Being a native New Yorker, and Puerto Rican, a love for boxing has always run through my veins. On the surface, the sport could seem barbaric to the naked eye, but for someone like myself who looks for the poetry in motion beneath the surface, there are lessons boxing can teach us.
Truth be told, boxing was one of my earliest teachers of resiliency, self-efficacy, and more importantly, the visual embodiment of courage. Whether you are a fan of the sport or not, we can appreciate the essence of boxing: invite challenge after challenge after challenge after challenge in search of the pursuit of excellence.
Early in my career as a coach, when I noticed it was time to challenge myself to deepen command of my coaching skills, to challenge my range and ability to create impact for a diverse clients and their needs, to go from working with first-level leaders to leaders of leaders, I did what boxers do when they are ready to transition from one weight class to another – took a hard look in the mirror.
Looking at Yourself in the Mirror
When boxers ready themselves to move from one weight class to another, they have to take stock of their current skills and gaps because their cultivated strengths are conditioned to their former weight class.
It doesn’t mean they will be unable to carry their strengths with them to their new weight class. However, it does require an honest assessment of what is and what isn’t present followed by a committed effort to hold themselves accountable in pursuit of overcoming this challenge to in pursuit of excellence.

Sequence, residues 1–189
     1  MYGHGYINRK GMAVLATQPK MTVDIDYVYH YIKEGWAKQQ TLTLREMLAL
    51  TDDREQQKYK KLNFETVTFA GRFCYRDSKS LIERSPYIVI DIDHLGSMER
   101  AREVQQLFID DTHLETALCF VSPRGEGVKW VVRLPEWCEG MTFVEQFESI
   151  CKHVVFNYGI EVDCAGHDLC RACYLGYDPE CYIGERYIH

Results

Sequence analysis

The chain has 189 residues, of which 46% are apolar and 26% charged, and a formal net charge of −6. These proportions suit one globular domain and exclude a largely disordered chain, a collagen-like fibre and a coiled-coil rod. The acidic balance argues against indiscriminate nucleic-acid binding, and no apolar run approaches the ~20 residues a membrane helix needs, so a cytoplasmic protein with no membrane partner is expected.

Anything short of this, and any venture into a new “weight class” can end miserably or in a “TKO.”
The same holds true for the professional coaching. When coaches are readying themselves to transition from one domain of coaching practice, for example, working with specialist role contributors to another domain of practice like working with first-line leaders or leaders of leaders, they must take a long hard look at their current coaching skills and identify areas where they need to strengthen their command of it in service of their coach development and expanded effectiveness as a professional coach.
Anything short of this, and any venture into a new domain of coaching practice can also end miserably or, at the very least, result in stunted growth for one’s coach development.
Putting in the Work
Not unlike our own clients from coaching, who benefit from the support of a qualified professional to help them navigate challenges or transitions to achieve their goals, we as coaches must employ the same deliberate intention to meet the demands of our new professional coaching domain of practice.
At times it may call for new training[s] to be on-boarded and exercised. Other times, it may call for the support of a mentor coach or practice with experienced, mature, and “battle-tested” peer coaches.
Whatever the need[s], there is no escaping “putting in the work” to hone our craft as coach practitioners in pursuit of excellence, and depending on where you are in your coach development journey, mastery.
Anything short of “putting in the work” and we may have been deprived the opportunity to witness a light-heavyweight Cassius Clay go from winning gold medal at the Olympics to become Muhammad Ali, one of the greatest heavyweight champions of all time.
” The fight is won or lost far away from witnesses – behind the lines, in the gym, and out there on the road, long before I dance under those lights.” – Muhammad Ali